In 200 000 years humans have disrupted the fragile balance on which Earth was living for 4 billion years. Global warming shortage of resources endangered species: humans are jeopardising their own living conditions. By the end of the century the relentless consumption will have exhausted almost all of our planet's natural resources. But it is too late to be pessimistic: we have barely 10 years left to reverse the trend. We need to become aware of our abusive exploitation of Earth's gifts and change our way of life. By giving us these previously unreleased images of over 50 countries as seen from the sky and by sharing his wonder but also his worry Yann Arthus-Bertrand contributes to the rebuilding we all need to start doing together. Yann Arthus-Bertrand takes us on a sensational journey above planet Earth and provides us with an unusual portrait of our planet. Planet Earth is critically ill but another future is possible if we all decide to write it together.
THE KING’S SHIPS 1500 - 1599 The story begins with the creation of a Royal Navy under orders of King Henry VIII with ships such as GREAT HARRY and the MARY ROSE and continues through the daring exploits of Sir Francis Drake’s GOLDEN HINDE and the revolutionary innovations of John Hawkins’ race-built Galleons. Finally the climatic showdown with Spain’s Invincible Armada in 1588 laid the groundwork for Britannia's Rule of the Seas in the years to come. WOODEN WALLS 1600 - 1805 The 17th century saw Britain’s war efforts aided by Samuel Pepys’ codification of naval tactics in “The Fighting Instructions” which transformed naval battles from uncontrollable melees into linear chess games on water. A little-known Scottish landlubber named John Clerk further stimulated naval tactics and when Admiral Horatio Nelson took the helm of HMS VICTORY at the Battle of Trafalgar in 1805 Britain’s mastery of the waves was re-established. THE SUN NEVER SETS 1806 – PRESENT Wooden Walls were soon replaced by iron and steel. When the super-ship DREADNOUGHT was launched in 1906 it sparked a naval arms race with Germany that culminated with the gigantic showdown at Jutland during WWI. After the loss of HMS Hood Churchill’s rallying cry “Sink The Bismarck!” and the successful pursuit of the GRAF SPEE turned the tide of WWII. The Falklands War in 1982 once again demonstrated the continuing resolve and effectiveness of the Royal navy.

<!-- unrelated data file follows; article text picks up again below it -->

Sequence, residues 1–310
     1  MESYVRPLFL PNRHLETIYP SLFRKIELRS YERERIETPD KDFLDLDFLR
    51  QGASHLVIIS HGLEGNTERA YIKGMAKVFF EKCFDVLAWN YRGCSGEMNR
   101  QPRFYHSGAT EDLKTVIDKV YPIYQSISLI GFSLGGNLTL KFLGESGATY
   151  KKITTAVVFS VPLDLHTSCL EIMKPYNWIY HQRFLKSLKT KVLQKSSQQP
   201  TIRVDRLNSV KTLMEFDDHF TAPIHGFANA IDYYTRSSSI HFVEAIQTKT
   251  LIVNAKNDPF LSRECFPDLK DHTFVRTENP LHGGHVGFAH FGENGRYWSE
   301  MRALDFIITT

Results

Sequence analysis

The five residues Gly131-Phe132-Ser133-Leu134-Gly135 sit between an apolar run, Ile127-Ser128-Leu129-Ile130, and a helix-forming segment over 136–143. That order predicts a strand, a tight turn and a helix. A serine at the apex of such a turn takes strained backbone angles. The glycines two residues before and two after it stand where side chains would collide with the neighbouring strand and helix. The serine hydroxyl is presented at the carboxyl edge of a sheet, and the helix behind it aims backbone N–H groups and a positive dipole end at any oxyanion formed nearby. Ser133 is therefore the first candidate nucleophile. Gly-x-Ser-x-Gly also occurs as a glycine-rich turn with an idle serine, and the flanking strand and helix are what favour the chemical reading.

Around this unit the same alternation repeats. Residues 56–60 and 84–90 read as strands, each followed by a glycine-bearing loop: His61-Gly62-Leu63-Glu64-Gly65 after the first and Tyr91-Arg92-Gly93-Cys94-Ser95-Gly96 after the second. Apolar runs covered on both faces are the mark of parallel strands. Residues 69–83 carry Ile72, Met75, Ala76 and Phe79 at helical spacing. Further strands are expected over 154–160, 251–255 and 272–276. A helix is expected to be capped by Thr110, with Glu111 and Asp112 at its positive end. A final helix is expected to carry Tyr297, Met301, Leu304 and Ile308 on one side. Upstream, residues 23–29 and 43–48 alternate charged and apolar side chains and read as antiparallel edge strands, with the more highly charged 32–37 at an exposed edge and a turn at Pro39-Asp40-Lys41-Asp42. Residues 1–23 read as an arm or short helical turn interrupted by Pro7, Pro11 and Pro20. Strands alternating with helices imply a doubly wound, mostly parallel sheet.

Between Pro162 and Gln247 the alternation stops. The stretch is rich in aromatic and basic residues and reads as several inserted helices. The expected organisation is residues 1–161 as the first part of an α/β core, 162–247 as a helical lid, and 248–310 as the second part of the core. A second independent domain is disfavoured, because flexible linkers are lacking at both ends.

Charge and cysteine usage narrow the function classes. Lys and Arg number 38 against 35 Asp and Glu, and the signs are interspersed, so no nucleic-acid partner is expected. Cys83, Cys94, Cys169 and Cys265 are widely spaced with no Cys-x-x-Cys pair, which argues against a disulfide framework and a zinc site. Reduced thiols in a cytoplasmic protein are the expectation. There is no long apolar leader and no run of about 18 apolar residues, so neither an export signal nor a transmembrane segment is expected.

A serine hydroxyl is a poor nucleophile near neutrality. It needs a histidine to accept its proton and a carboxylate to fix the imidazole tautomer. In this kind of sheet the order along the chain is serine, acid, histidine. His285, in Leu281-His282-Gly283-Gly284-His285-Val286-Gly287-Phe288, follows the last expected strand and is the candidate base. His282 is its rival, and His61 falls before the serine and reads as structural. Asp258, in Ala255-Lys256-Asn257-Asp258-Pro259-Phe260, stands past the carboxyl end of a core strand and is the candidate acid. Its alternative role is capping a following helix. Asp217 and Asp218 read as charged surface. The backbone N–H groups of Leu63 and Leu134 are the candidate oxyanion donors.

Professor Iain Stewart is a renowned expert in geology and geo-science - the study of the earth and its atmosphere oceans and biosphere. In these acclaimed series Professor Stewart tells the amazing stories of the relationship between earth natural forces and the development of human civilisation. With his enthusiastic delivery and hands-on approach matched by phenomenal camerawork the series are a must-see for anyone with even the slightest interest in our planet. Earth - Power of the Planet This landmark series uses breathtaking footage and specialist imaging to examine the great forces that shape the life story of the planet - volcanoes the ocean the atmosphere and ice How the Earth Made Us This staggering new vision of our history examines the relationship between human civilisation and Earth revealing the influence of the planetary forces - earth water wind and fire.
Coast and Beyond takes the shoreline as its starting point moving inland and outwards to the sea and other continents as it explores and tells the story of life on the outer reaches of this island country we live on. The tales come thick and fast - of geography commerce and the deeply human. Coast's intrepid and inquisitive team of presenters led by Nicholas Crane clamber over cliff tops ride the rough seas and explore the history and evolution of life as it is lived along the Coast and Beyond. Featuring: London to Antwerp Devon and Cornwall The Netherlands The Western Isles and Shetland Wales Border to Border Sweden
Wild Africa comes to you in this incredible 3 volume collection, allowing you to journey across the vast expense of South Africa and experience firsthand the incredible inhabitants of this harsh but beautiful land. Volume 1 Safari: Volume 1 allows you to travel across the safari and witness not only the incredible wildlife that lives off of the South African land, but also takes you on a cross-country jeep ride where you are able to bring the sights and sounds of the Safari into your living r...